“It was Wednesday, the second week in April, and Santa Teresa was making a wanton display of herself. The lush green of winter, with its surfeit of magenta and salmon bougainvillea, had erupted anew in a splashy show of crocuses, hyacinths, and flowering plum trees. The skies were a mild blue, the air balmy and fragrant. Violets dotted the grass. I was tired of spending my days closeted in the hall of records, searching out grant deeds and tax liens for clients who were, doubtless, happily pursuing tennis, golf, and other idle amusements.
I suppose I was suffering from a mutant, possibly incurable form of spring fever, which consisted of feeling bored, restless, and disconnected from humanity at large. My name is Kinsey Millhone. I‘m a private detective in Santa Teresa, California, ninety-five miles north of Los Angeles. I‘d be turning thirty-seven on May 5, which was coming up in four weeks, an event that was probably contributing to my general malaise. I lead a stripped-down existence untroubled by bairn, pets, or living household plants.
On February 15, two months before, I‘d moved into new offices, having separated myself from my association with the law firm of Kingman and Ives. Lonnie Kingman had purchased a building on lower State Street, and though he‘d offered to take me with him, I felt it was time to be out on my own.
That was my first mistake.
My second was an unfortunate encounter with two landlords in a deal that went sour and left me out in the cold.
My third office-related error was the one I now faced. In desperation, I‘d rented space in a nondescript cottage on Caballeria Lane, where a row of identical stucco bungalows were lined up at the curb like the Three Little Pigs. The block-short, narrow, and lined with cars-ran between Santa Teresa Street and Arbor, a block north of Via Madrina, in the heart of downtown. While the price was right and the location was excellent-in easy walking distance of the courthouse, the police station, and the public library-the office itself fell woefully short of ideal...The whole of it smelled like mildew, and I suspected at night wee creatures scuttled around the baseboards after all the lights were turned off. By way of compensation, the building‘s owner had offered unlimited cans of an off-brand paint, and I‘d spent the better part of a week rolling coats of white latex over the former pulsating pink, a shade reminiscent of internal organs at work....On the other hand, at three fifty a month, the space was affordable and satisfied one of my basic principles in life, which is: Never, never, never, to live beyond my means. I don‘t want to be compelled to take on work to meet my overhead. The office is meant to serve me, not the other way around.“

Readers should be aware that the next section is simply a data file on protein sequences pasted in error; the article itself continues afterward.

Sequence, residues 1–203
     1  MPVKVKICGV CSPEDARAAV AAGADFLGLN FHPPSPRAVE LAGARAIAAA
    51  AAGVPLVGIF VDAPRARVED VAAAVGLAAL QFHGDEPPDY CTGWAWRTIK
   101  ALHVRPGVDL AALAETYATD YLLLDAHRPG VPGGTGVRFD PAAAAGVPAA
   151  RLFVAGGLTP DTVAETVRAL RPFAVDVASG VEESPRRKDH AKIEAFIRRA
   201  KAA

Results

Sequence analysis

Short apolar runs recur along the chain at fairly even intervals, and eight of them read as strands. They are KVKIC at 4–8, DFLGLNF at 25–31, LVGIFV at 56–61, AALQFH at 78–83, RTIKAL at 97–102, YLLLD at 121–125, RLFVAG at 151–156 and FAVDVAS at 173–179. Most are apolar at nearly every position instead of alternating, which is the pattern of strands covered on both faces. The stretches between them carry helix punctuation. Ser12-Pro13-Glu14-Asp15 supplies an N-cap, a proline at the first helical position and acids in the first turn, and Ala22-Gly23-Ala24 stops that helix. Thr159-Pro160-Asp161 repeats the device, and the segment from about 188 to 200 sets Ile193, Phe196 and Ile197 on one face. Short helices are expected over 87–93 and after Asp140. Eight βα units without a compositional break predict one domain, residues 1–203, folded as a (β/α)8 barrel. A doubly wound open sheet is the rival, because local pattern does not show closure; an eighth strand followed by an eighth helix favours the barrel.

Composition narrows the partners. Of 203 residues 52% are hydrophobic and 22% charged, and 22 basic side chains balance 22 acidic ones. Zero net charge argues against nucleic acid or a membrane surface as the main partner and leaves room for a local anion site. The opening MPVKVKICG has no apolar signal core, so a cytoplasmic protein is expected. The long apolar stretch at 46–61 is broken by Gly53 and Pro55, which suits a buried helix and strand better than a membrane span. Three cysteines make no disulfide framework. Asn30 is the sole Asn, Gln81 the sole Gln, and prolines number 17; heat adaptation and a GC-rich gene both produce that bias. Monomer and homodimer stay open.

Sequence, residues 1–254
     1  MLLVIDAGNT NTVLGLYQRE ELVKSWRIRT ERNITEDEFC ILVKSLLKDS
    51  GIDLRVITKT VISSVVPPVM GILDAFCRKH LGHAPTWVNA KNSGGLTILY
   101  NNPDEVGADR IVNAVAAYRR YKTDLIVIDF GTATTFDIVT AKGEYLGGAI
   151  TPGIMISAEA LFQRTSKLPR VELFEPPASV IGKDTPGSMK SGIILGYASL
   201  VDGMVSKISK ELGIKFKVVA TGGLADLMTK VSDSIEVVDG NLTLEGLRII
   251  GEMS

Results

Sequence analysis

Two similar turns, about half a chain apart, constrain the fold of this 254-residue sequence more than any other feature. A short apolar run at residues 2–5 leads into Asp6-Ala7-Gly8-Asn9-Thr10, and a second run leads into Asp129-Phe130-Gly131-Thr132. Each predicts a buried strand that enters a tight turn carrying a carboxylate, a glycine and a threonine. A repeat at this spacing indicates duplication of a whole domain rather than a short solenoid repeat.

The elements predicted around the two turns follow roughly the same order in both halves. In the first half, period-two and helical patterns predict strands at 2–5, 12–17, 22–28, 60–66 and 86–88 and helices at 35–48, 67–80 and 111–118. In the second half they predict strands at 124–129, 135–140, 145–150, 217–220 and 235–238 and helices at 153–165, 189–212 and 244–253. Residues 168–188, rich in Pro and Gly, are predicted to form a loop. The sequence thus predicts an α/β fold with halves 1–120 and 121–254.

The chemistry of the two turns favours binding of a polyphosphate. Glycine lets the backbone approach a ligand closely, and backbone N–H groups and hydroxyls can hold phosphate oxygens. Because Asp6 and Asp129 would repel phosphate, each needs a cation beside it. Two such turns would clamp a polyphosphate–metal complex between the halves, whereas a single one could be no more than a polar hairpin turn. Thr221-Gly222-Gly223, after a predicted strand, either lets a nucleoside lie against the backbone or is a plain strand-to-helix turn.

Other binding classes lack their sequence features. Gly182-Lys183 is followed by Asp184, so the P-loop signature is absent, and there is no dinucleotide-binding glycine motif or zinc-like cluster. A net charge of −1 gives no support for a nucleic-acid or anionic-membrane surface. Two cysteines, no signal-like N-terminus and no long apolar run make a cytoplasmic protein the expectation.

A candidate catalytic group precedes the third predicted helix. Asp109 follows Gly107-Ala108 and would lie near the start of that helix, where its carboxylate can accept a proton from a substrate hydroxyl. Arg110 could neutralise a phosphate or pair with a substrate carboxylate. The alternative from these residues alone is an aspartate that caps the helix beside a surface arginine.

As Kinsey and the two officers reawaken interest in the case, it incites the killer to strike again, and again. Two discoveries become key to the action - a wrecked convertible that will lead the unlikely trio to a small town in the Arizona desert, and that of a body on a ranch owned by Kinsey’s estranged grandmother. Family secrets, skeletons in closets, and cryptic conversations draw Kinsey closer to solving the mystery of Jane Doe, and further from answers she seeks about her own lost family.
“Q is for Quarry“ is a compelling read, and Grafton’s theories for what may have happened to the real Jane Doe are believable. It was a true pleasure to meet Millhone for the first time, and felt that even with 16 other adventures behind her, this work stood on its own quite comfortably. Particularly well-crafted was the relationship with Kinsey and her two older partners, and as they are characters who have never appeared in Grafton’s books before, chances are good they might surface again as she surely tackles the remaining nine letters in the alphabet. Until then, I’ve got a little bit of catching up to do, and I look forward to it.

  • Currently 3.5/5 Stars.